Similarly, in July last year, a female leopard was rescued by the teams in Pune. Our veterinary officers performed a comprehensive health assessment of the leopard at the site before releasing it in the wild. A month prior to this, an adult male leopard grappled with the challenges of a 30-foot-deep open well. Despite the operation’s duration extending to nearly five hours, the collaborative effort between Wildlife SOS and the forest department was a success in rescuing the leopard. Another leopard was saved from drowning in an 80-foot-deep well in the Junnar forest range in May 2023.

Our teams orchestrate innovative measures to help lift up animals from gaping wells — sometimes by using plastic crates, a charpai, or even trap cages! 

And Hyenas…

Solitary and nocturnal, the striped hyena also becomes a victim of the open wells in India. One such hyena was found in the clutches of a nearly 30-foot-deep open well in Buchkewadi village of Maharashtra. The discovery unfolded when a villager, intending to turn on his well’s water pump, was confronted with a sight that would alert the entire community. A four-member rescue team from Wildlife SOS, armed with rescue gear and a trap cage, reached the location along with the forest department. 

The teams’ strategy involved lowering a trap cage into the well, patiently coaxing the exhausted hyena to enter. Soon, it was released into a neighbouring forest after a thorough medical examination.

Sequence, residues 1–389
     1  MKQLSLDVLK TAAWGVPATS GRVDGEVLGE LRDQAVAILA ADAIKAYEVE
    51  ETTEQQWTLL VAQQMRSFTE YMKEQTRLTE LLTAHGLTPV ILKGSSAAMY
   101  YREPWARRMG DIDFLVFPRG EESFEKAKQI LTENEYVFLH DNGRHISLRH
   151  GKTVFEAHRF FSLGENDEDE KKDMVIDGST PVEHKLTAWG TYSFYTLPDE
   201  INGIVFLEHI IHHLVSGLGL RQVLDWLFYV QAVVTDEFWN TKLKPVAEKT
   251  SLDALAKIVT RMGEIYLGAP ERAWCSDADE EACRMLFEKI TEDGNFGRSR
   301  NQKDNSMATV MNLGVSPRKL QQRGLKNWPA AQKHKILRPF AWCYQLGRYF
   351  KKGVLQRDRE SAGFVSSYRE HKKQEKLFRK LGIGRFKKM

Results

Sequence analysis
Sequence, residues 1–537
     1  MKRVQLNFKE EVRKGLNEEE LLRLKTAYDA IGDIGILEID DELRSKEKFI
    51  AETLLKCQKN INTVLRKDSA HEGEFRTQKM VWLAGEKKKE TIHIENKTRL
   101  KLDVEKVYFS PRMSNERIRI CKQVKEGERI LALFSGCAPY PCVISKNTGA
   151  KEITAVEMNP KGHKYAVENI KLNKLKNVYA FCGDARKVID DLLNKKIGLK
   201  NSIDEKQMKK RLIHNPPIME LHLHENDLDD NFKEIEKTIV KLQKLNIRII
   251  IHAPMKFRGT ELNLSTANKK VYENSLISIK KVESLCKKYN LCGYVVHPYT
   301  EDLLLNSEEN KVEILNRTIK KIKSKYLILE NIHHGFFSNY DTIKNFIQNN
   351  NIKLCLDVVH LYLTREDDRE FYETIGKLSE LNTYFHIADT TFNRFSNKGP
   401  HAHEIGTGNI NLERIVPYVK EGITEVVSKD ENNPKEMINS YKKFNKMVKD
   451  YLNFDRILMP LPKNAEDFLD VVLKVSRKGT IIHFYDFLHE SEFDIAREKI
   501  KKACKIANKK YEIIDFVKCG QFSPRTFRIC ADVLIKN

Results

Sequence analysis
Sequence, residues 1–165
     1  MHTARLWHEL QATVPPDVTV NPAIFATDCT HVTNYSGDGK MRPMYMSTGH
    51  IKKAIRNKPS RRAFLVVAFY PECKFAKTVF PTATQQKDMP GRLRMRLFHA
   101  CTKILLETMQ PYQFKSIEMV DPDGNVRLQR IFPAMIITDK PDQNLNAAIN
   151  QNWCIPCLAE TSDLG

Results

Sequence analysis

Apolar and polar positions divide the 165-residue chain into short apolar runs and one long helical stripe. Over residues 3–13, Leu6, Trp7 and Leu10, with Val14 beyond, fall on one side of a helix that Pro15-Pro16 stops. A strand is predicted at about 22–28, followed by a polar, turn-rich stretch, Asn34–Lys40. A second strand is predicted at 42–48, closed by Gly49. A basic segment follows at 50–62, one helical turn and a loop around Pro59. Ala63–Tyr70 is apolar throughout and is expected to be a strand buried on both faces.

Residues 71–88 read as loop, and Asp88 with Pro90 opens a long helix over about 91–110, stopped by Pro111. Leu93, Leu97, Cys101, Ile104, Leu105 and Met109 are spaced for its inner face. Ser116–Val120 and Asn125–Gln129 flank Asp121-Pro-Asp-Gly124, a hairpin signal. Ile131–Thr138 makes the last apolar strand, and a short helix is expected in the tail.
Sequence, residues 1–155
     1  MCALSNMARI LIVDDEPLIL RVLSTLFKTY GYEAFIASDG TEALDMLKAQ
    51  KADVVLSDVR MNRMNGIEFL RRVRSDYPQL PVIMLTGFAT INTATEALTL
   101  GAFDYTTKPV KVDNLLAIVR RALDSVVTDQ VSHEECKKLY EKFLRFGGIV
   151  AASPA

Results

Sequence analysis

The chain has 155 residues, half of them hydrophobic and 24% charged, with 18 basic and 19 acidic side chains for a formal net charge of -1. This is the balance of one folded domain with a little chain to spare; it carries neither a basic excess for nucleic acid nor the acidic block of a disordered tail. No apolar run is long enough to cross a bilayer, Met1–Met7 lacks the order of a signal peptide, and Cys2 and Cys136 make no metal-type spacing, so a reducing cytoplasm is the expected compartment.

Civet Cats As Well…

In landscapes where human habitation intertwines with the wild, even smaller animals like civets can’t escape the perils of open wells. In April 2023, a village in Pune became the backdrop for one such dramatic situation. Local farmers were jolted by an unfamiliar sound emanating from a nearby 45-foot open well. Investigating further, they learnt that a Small Indian civet was caught inside the well, and promptly reached out to the forest department, which informed Wildlife SOS for its rescue.

A month before this incident, a similar tale had unfolded in the Junnar division, where another civet found itself trapped in a 25-foot-deep well. The teams collaborated once again to rescue the distressed civet. Both the civets were carefully released into their natural habitat after a thorough medical examination.

It is estimated that nearly 8.7 million open wells are present in India, ranging in size from 2 m to 20 m in diameter, and 1 m to at least 70 m in depth. These wells dug for irrigation, water supply, or other purposes, rarely feature a lid or protective barriers to prevent animals from falling in. Most wells also lack any form of escape for animals that tumble into them by accident. Those wells that are located on the fringes of forested lands become a potential death trap for wildlife. 

Wildlife SOS continues to work closely with local communities and various stakeholders to find innovative solutions for mitigating this threat. That is why Wildlife SOS’ Open Wells Conservation project aims to cover a total of 40 wells in Maharashtra. Our first step involves identifying those wells most prone to any wild animals falling. The team has devised a strategy to build a cover for these that not only ensures the safety of humans and animals, but also allows the procurement of water used by local residents. To date, the teams have managed to successfully cover 15 such open wells. 

To become a part of this initiative by Wildlife SOS, in collaboration with the Maharashtra Forest Department, you can consider donating to us. You can also support our mission to protect animals by signing this petition.